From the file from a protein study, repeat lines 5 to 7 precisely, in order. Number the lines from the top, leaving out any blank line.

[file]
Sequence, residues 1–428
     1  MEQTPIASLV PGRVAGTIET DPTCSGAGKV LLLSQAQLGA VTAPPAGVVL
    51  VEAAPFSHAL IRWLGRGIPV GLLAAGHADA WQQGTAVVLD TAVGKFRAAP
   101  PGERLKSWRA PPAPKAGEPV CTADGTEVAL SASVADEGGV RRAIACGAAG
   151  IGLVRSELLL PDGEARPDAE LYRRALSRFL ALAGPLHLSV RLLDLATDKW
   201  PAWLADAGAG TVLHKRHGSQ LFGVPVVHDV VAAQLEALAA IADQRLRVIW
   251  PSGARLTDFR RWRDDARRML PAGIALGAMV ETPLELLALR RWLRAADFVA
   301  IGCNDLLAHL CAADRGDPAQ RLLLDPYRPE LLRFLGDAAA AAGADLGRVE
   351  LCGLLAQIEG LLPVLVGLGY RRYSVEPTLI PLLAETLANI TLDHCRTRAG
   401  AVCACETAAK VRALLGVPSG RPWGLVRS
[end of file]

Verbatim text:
   151  IGLVRSELLL PDGEARPDAE LYRRALSRFL ALAGPLHLSV RLLDLATDKW
   201  PAWLADAGAG TVLHKRHGSQ LFGVPVVHDV VAAQLEALAA IADQRLRVIW
   251  PSGARLTDFR RWRDDARRML PAGIALGAMV ETPLELLALR RWLRAADFVA